Regattas are a way of life for many on Texas coast
There’s a long history of yacht racing in these parts. Chalk it up to competitive instinct — where there’s water, there will be boats and where there are boats, regattas.
“If you wanted to, you could probably race every weekend in some regatta on Galveston Bay, and that’s only a slight exaggeration,” Albrecht Goethe, who races Hamburg, a 35-foot J/Boat, said.
Although known for its speed, the boat’s weight makes it difficult to transport, which is why Goethe stays close to home for the most part. In 10 years, he’s skippered 150 regattas aboard Hamburg, and all but one began in nearby waters.
Cabins may be more modern and navigation devices more technical, but some aspects of the culture remain unchanged.
For one, it’s a gentleman’s sport.
“Like in golf, it’s left up to the competitors to rectify a foul,” said Mike Janota, director of the Galveston Community Youth Sailing Center.
Also, there’s the traditional fanfare that bookends a regatta, from ceremonial start to after-party.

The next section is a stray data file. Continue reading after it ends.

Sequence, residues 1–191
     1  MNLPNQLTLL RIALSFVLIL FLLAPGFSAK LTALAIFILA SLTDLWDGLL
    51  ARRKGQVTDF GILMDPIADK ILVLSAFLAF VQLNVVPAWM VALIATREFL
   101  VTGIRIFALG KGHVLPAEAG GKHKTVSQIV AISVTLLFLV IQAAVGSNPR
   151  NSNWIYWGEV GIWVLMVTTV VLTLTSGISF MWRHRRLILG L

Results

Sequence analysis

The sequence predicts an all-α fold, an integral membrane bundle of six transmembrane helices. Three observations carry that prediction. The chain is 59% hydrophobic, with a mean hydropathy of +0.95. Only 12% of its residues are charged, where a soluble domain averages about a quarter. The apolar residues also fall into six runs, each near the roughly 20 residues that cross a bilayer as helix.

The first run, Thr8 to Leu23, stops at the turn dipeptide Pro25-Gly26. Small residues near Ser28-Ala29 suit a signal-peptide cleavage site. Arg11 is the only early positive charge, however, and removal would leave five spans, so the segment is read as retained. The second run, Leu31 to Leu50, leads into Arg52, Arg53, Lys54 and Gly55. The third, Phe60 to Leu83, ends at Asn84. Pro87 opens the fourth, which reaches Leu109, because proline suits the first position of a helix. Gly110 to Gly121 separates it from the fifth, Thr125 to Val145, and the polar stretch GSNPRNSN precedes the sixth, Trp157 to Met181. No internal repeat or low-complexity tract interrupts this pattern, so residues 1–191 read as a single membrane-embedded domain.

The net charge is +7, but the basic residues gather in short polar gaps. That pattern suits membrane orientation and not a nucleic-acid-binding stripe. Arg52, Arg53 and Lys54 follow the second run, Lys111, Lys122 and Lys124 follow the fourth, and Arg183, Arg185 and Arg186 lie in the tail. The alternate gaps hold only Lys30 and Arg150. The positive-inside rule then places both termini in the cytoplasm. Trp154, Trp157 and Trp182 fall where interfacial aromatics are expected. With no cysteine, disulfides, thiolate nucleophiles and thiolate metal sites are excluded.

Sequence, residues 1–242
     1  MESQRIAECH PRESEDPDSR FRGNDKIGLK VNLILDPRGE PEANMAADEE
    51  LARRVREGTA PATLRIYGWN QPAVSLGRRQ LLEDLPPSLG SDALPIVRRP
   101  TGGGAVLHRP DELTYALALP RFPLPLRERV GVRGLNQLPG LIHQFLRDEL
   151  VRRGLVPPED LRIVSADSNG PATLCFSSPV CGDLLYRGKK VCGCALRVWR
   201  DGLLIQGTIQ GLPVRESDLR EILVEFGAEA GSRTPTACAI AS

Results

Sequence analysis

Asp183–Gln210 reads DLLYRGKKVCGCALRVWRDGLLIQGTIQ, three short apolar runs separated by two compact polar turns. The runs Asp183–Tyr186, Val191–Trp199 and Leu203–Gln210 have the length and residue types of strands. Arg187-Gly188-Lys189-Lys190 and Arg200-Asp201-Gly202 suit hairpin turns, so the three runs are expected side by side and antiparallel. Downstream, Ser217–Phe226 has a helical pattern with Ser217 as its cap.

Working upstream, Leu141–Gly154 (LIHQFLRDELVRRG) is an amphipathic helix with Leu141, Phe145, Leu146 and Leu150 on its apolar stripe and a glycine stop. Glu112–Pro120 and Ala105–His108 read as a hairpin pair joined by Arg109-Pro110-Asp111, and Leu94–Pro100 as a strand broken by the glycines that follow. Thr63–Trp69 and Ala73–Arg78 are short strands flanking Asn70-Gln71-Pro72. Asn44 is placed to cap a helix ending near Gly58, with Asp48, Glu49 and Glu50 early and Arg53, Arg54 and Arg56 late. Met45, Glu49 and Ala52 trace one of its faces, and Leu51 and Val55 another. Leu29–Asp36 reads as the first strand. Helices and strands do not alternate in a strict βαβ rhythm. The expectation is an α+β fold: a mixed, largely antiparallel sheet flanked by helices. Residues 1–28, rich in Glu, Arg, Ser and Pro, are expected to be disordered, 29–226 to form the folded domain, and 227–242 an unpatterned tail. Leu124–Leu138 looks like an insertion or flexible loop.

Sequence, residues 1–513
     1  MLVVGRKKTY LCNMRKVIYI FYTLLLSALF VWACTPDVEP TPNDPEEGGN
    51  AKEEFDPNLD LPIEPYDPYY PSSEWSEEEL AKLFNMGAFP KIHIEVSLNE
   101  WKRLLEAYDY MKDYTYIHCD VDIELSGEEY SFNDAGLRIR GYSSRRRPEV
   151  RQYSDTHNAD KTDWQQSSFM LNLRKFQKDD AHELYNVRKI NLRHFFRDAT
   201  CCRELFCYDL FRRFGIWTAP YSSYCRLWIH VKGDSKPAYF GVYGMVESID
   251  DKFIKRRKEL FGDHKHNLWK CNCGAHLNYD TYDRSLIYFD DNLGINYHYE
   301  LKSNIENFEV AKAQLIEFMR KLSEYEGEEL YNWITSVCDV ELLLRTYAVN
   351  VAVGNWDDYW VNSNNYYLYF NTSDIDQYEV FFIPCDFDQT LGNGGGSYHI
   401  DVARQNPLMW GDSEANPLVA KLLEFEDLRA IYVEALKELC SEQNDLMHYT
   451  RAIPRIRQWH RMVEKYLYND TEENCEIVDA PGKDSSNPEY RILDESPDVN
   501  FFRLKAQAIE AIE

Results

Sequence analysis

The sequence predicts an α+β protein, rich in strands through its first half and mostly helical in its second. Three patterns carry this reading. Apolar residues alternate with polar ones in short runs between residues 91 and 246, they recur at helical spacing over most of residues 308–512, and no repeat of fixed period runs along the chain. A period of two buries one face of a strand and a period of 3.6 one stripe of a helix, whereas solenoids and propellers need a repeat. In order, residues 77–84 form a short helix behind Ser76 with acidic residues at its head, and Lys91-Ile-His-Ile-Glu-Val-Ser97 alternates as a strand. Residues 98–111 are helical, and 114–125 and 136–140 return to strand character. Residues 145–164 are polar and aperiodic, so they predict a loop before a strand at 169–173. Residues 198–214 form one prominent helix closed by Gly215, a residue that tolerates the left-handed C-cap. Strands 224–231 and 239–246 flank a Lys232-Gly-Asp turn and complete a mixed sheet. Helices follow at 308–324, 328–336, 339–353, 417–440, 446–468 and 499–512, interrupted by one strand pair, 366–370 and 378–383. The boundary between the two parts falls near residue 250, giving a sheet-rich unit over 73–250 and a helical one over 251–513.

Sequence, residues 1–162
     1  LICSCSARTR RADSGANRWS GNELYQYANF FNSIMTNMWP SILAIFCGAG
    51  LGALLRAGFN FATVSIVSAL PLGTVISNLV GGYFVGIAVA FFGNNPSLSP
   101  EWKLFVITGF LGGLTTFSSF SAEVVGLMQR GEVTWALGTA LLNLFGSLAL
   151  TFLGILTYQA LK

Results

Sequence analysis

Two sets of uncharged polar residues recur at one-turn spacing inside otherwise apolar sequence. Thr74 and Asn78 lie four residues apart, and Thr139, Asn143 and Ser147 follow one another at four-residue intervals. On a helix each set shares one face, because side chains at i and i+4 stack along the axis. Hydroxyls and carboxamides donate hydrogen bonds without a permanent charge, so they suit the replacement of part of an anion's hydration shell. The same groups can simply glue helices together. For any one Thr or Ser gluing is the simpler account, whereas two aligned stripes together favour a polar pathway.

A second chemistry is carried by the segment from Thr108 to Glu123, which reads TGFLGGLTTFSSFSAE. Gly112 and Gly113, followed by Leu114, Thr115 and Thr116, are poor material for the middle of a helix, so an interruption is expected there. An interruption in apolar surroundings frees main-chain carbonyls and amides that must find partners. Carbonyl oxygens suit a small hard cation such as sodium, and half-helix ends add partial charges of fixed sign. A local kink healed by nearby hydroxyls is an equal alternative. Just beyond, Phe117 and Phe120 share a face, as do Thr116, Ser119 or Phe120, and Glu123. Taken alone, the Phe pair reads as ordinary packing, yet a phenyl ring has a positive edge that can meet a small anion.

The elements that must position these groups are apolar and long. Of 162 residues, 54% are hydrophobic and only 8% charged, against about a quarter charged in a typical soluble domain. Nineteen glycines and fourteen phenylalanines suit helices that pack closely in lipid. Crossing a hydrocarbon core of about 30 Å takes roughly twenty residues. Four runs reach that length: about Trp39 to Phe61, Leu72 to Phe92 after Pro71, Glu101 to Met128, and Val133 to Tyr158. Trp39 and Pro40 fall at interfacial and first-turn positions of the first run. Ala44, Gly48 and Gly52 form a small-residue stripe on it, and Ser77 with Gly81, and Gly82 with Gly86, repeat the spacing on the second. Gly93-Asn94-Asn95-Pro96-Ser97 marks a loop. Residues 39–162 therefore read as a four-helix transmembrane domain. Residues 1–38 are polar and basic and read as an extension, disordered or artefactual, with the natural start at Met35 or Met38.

“You get this thrill when you turn the corner coming out of the Galveston channel to the start line. It’s just a beautiful scene,” Jack Seitzinger said of the Harvest Moon Regatta, which he was instrumental in organizing this year.
Regattas, as it turns out, are like knots; there are a lot of different ones. There are match races, such as the America’s Cup, fleet races and team races on buoyed, inshore, offshore and, for those immune to seasickness, oceanic courses.
“With day races, for the most part, you start in the morning and then you’re back at the local yacht club having a drink with your friends in the afternoon,” Janota said.
Longer races lead crews outside protected waters and into less predictable territory.
Janota battled high winds and 20-foot waves as part of a crew in the two-week Transpacific Yacht Race from San Francisco to Kaneohe, Hawaii.
“Seven days were absolutely horrible with tropical storm conditions and the last seven days were amazingly pleasant,” Janota said.
The sport can get expensive.
In 2008, as national financial instability loomed, Hurricane Ike lowered the boom.
“It was a double hit here,” Goethe said. “There was a pretty substantial decline in the number of folks that went to races.”
But, there’s a shining beacon of hope at the tail end of construction of the Sea Scout Base Galveston, 7509 Broadway, on the island. The complex is anchored by a 60,000 square-foot building with a bounty of resources to support the next generation of sailors and is home to the Community Youth Sailing Center, which is already offering some classes.
“Now that we’re building this incredible facility, the only one like it in the country, I think you will see a local resurgence,” Janota said.
Visit ssbgalveston.org for information about Sea Scout Base Galveston and Community Youth Sailing.
2014 U.S. Disabled Sailing Championship
Wednesday Night Races
Turkey Day Regatta